Serial ATA - or simply SATA - is the hard disk standard created to replace the parallel ATA interface, a.k.a. IDE. SATA provides a transfer rate of 150 MB/s or 300 MB/s against of a 133 MB/s maximum using the previous technology. In this tutorial we will explain everything you need to know about Serial ATA.
The conventional IDE port (now called parallel ATA or simply PATA) transfers data in parallel. The advantage of parallel transmission over serial transmission is the higher speed of the former mode, seeing that several bits are sent at the same time. Its major disadvantage, however, relates to noise. As many wires have to be used (at least one for each bit to be sent per turn), one wire generates interference in another. This is why ATA-66 and higher hard disks require a special, 80-wire cable. The difference between this 80-wire cable and the normal 40-wire IDE cable is that it includes a ground wire between each original wire, providing anti-interference shielding. In our tutorial Everything you Need to Know About ATA-66, ATA-100 and ATA-133 Hard Disks we provide an in-depth explanation on this issue. The current maximum transference rate of the parallel IDE standard is 133 MB/s (ATA/133).
Serial ATA, on the other hand, transmits data in serial mode, i.e., one bit per time. Traditional thinking makes us to think that serial transmission is slower than parallel transmission. This is only true if we are comparing transmissions using the same clock rate. In this case parallel transmission will be at least eight times faster, as it transmits at least eight bits (one byte) per clock cycle, compared to serial transmission where only one bit is transmitted per clock cycle. However, if a higher clock rate is used on serial transmission, it can be faster than parallel. That’s exactly what happens with Serial ATA.
The problem in increasing parallel transmission transfer rate is increasing the clock rate, as the higher the clock rate, more problems with electromagnetic interference show up. Since serial transmission uses just one wire to transmit data it has fewer problems with noise, allowing it to use very high clock rates, achieving a higher transfer rate.
Serial ATA standard transfer rate is of 1,500 Mbps. As it uses 8B/10B coding – where each group of eight bits is coded into a 10-bit number – its effective clock rate is of 150 MB/s. Serial ATA devices running at this standard speed are also known as SATA-150. Serial ATA II provides new features such as Native Command Queuing (NCQ), plus a higher speed rate of 300 MB/s. Devices that can run at this speed are called SATA-300. The next standard to be released will be SATA-600.
It is important to note that SATA II and SATA-300 are not synonyms. One can build a device that runs only at 150 MB/s but using new features provided by SATA II such as NCQ. This device would be a SATA II device, even though it doesn’t run at 300 MB/s.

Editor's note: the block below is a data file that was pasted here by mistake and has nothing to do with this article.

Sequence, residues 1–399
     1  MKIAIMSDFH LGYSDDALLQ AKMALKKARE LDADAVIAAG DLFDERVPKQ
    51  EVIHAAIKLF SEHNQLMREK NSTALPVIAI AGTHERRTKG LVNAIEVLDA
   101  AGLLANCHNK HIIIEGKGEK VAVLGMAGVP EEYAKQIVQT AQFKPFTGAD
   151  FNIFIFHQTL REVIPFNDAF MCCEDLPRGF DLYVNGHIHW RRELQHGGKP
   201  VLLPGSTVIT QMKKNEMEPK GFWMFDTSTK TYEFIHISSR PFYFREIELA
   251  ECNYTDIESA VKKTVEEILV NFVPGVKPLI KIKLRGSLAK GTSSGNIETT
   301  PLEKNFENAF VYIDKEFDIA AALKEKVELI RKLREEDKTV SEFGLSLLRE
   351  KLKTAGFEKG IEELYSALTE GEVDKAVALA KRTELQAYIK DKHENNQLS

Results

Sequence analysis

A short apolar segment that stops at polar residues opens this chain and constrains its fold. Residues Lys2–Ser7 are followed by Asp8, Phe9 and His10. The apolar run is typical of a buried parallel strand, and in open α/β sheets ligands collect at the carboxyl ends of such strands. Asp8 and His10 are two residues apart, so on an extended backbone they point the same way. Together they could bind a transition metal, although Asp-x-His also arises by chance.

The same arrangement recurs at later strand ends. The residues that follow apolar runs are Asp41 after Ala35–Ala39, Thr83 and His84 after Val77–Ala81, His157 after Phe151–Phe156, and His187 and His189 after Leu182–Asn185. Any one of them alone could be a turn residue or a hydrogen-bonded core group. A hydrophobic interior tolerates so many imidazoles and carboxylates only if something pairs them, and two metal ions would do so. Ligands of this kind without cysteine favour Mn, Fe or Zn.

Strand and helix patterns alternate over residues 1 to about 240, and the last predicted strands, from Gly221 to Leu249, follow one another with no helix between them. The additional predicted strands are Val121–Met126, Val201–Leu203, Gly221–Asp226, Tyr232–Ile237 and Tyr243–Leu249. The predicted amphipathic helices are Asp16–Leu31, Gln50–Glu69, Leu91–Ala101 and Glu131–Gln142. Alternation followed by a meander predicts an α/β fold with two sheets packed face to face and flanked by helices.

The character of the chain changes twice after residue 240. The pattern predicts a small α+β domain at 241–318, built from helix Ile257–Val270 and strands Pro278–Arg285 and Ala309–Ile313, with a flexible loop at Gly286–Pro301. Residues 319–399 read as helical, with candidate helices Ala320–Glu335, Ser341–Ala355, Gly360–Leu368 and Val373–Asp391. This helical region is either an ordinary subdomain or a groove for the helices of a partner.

Native Command Queuing (NCQ) increases the hard disk drive performance by reordering the commands send by the computer. Read our tutorial NCQ (Native Command Queuing) and TCQ (Tagged Command Queuing) Explained to a full explanation on this technology. In summary, if your motherboard has SATA II ports supporting NCQ, prefer buying an NCQ-enabled hard disk drive.
It is also very important to notice that Serial ATA implements two separated datapaths, one for transmitting and another for receiving data. On parallel design only one datapath is available, which is shared for both data transmission and reception. Serial ATA cable consists in two pair of wires (one for transmission and the other for reception) using differential transmission (click here to learn how differential transmission works). Three ground wires are also used, so Serial ATA cable has seven wires.
Another advantage of using serial transmission is that fewer wires need to be used. Parallel IDE ports use a 40-pin connector and 80-wire flat cables. Serial ATA ports use a seven-pin connector and seven-wire cable. This helps a lot on the thermal side of the computer, as using thinner cables makes air to flow easier inside the PC case.
On the figures below you can compare Serial ATA to parallel IDE: how does Serial ATA cable looks like, its size compared to an 80-wire IDE flat cable and a comparison between the physical aspect of a Serial ATA port (in red in Figure 3) to a parallel IDE port (in lime green in Figure 3).
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Figure 1: Serial ATA cable.
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Figure 2: Comparison between a Serial ATA cable and a standard 80-wire cable used by parallel IDE devices.
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Figure 3: Serial ATA ports (in red) and standard parallel IDE ports (in lime green).